Month: January 2016

2016: Onwards and Upwards!

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NEW CASE STUDY: ISLAMISM ON CAMPUS

The Council of Ex-Muslims of Britain (CEMB) has today published a case study on the Islamic Societies at Trinity College Dublin, Warwick University and Goldsmiths University where attempts were made to restrict or bar our spokesperson Maryam Namazie from speaking in 2015.

The case study shows that the Islamic Societies at the three universities in question are clearly promoting Islamist values through hate preachers who condone Sharia Law, Islamic states, and the death penalty for apostasy.

The study is only an example of a widespread problem – which is the normalisation and legitimisation of Islamism on university campuses.

CEMB calls on universities and Student Unions to unequivocally defend free expression, including by removing policies which restrict and censor free expression, such as safe space policies, so that apostates and dissenters can confront Islamism on campuses with a progressive counter-narrative.

You can read the new case study here.

It is important to note that apostasy and blasphemy are not abstract theological debates but a matter of life and death for many across the globe.

END-YEAR CELEBRATION

The Presidents of Warwick and Goldsmiths Universities Atheists Societies who fought hard for free expression were speakers at our end-year event in December 2015 as was Philosopher AC Grayling, Centre for Secular Space’s Gita Sahgal and Kurdish Women’s Rights Campaigner Houzan Mahmoud amongst others. The fantastic event is now online.

FUTURE EVENTS

CEMB is organising or has speaking engagements at a number of upcoming events, including at the European parliament in Brussels, Oxford Union and Reason rally in Washington DC as well as at various universities across the country. You can see the listing of events here.

We are also organising an ex-Muslim “flash mob” to celebrate freedom of expression, blasphemy and apostasy with music and dance for our 9th anniversary in June. If you’re interested in participating in the #ExMuslimBecause flash mob, please contact us. The flash mob will help to further build on the successful #ExMuslimBecause, which saw over 120,000 tweets describing the many reasons for leaving Islam.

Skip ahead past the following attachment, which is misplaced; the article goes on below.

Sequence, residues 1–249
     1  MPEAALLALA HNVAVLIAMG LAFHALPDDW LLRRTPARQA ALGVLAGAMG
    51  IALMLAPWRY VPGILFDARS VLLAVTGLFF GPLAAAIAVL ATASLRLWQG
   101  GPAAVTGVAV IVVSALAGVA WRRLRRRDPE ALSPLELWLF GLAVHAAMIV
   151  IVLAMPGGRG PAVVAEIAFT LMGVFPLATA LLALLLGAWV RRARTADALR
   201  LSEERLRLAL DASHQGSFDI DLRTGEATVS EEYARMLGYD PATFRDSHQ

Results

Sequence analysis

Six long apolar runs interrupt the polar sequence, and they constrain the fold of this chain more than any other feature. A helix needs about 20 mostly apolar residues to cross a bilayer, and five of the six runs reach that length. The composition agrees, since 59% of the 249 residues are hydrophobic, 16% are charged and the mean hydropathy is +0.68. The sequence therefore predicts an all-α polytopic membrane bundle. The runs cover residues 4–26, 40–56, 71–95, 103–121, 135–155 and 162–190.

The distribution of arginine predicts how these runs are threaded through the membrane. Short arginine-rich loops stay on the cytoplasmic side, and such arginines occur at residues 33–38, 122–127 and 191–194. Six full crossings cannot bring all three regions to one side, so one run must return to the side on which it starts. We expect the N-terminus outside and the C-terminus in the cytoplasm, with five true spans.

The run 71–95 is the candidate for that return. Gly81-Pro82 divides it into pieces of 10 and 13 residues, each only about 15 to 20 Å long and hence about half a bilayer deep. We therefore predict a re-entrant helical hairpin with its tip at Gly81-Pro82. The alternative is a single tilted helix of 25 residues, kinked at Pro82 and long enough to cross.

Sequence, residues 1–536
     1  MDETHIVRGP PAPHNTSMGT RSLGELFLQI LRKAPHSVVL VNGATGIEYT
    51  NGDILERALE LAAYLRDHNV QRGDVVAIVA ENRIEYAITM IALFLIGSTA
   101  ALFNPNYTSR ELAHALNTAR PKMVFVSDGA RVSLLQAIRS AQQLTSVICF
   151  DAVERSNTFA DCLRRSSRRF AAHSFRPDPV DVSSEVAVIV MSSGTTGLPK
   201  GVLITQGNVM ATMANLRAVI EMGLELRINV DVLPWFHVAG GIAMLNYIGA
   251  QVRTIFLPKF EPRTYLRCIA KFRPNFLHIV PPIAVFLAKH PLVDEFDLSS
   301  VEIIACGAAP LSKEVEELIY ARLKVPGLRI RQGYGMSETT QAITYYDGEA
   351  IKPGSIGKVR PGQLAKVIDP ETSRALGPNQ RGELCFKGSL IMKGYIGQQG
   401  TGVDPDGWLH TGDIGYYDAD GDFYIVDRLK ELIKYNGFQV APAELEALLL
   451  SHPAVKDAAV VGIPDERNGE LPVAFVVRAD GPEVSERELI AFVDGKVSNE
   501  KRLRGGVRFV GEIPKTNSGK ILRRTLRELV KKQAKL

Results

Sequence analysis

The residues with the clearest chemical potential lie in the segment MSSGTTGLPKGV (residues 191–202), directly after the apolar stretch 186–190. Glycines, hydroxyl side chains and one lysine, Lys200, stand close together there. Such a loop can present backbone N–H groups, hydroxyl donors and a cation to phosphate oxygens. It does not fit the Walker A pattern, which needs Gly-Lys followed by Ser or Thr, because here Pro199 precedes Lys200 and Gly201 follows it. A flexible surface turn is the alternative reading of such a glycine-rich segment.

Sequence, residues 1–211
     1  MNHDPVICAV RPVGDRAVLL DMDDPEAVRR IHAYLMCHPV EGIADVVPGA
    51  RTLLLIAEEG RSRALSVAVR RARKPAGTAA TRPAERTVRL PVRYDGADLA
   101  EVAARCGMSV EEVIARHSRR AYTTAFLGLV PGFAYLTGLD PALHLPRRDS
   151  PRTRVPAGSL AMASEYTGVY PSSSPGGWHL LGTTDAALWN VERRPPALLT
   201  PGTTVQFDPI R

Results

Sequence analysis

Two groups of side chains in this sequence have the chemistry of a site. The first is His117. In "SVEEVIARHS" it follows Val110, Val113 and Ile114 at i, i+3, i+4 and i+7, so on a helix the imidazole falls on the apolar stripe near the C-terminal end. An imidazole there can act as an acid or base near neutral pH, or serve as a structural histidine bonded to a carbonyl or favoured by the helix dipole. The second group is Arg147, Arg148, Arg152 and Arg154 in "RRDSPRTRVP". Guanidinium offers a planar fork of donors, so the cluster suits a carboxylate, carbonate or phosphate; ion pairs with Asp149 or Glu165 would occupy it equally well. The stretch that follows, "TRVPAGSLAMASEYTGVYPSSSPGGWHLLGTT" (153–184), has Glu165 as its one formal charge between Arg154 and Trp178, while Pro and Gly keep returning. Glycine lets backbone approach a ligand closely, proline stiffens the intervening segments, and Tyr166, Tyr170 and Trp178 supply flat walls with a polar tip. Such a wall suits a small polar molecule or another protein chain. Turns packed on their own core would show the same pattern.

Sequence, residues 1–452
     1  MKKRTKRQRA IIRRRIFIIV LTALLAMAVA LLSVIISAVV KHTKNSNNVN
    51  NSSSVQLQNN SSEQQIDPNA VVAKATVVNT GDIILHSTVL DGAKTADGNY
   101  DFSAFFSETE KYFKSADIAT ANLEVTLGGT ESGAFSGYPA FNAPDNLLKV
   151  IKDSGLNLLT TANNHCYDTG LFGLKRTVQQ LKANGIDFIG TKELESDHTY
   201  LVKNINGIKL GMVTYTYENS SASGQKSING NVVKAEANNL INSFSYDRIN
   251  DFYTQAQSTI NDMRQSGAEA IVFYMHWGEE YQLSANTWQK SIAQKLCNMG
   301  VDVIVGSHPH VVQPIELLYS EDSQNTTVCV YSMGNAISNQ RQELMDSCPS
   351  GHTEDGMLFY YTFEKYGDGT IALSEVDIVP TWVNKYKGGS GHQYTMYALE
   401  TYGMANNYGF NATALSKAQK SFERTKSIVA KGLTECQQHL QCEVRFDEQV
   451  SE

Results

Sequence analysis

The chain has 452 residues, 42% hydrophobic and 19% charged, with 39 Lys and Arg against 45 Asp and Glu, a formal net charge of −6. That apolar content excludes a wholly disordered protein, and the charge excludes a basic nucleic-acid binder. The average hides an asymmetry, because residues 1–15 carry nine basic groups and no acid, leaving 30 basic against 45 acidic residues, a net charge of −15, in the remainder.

SUPPORT US

CEMB fights on numerous fronts to challenge Islamism and apostasy laws and support those who face persecution or intimidation as a result of leaving Islam as well as opposing bigotry against Muslims and defending universal rights and secularism. Unlike Islamist organisations with huge amounts of state and other backing, we must rely on our friends to support our work. A special thanks to all those who donated to our organisation in 2015.

Please continue to support our work if you can by sending a cheque made payable to CEMB or making a donation via Paypal. No amount is too small and all support is hugely appreciated and needed. You can find out more about donating here.

Thanks again and best wishes for 2016.

Onwards and upwards!

Maryam Namazie
Imad Iddine Habib
Nahla Mahmoud
Rayhana Sultan
Spokespersons
Council of Ex-Muslims of Britain
BM Box 1919, London WC1N 3XX, UK
tel: +44 (0) 7719166731
email: exmuslimcouncil@gmail.com
web: http://ex-muslim.org.uk/

Company limited by guarantee and registered in England and Wales under company number 8059509.

Apostasy and Blasphemy are basic Human Rights

In 2016, the Council of Ex-Muslims of Britain will continue to highlight the cases of those languishing in prisons or on death row for apostasy or blasphemy, including:

Abdulaziz Dauda, also known as Abdul  Inyass, an Islamic scholar sentenced to death in Nigeria for blasphemy for a lecture which was deemed to be blasphemous against Islam’s prophet. He was also jailed for 3 years for inciting public disturbance.

Ashraf Fayadh, a Palestinian poet and artist who lives in Saudi Arabia, has been sentenced to death for ‘apostasy’ for his poetry which the regime claims has questioned religion and spread atheism.

Hesameddin Farzizadeh, 23 year old writer and student who has been sentenced to 7 years in prison, 74 lashes and the death penalty for apostasy in Iran for his book examining the history and questioning facets of Shi’a Islam.

Islam Behery, Egyptian TV host was sentenced to prison for “contempt of religion.”

Mohamed Cheikh Ould, Mauritanian activist and blogger sentenced to death for apostasy for an article he wrote, which the court found was critical of Islam and Islam’s prophet.

Raif Badawi, Saudi secular blogger and founder of a liberal website sentenced to 10 years in prison and 1000 lashes for apostasy for raising questions about religion and politics.

27 Sudanese Muslims from the Qurani sect, charged with apostasy and disturbing the public peace according to article 126, section 2 of the Sudanese criminal law for considering the Quran holy but believing that the Hadith, sayings and actions of Mohammad, Islam’s prophet, are not authentic.

Waleed Abu Al Khair, Saudi human rights lawyer (including for his brother-in-law Raif Badawi) was found guilty by a special counter-terrorism court of, among other charges, insulting the judiciary, disobeying the ruler, and harming the reputation of the Kingdom. He was offered a reduced sentence of 10 years if he apologized for his “offences”, but when he refused an appeal judge ordered him to serve the full term…

CEMB reiterates its call for the release of apostates and blasphemers across the globe. Apostasy and blasphemy are not crimes but basic human rights as are interpreting, mocking, criticising, and renouncing Islam openly and freely.

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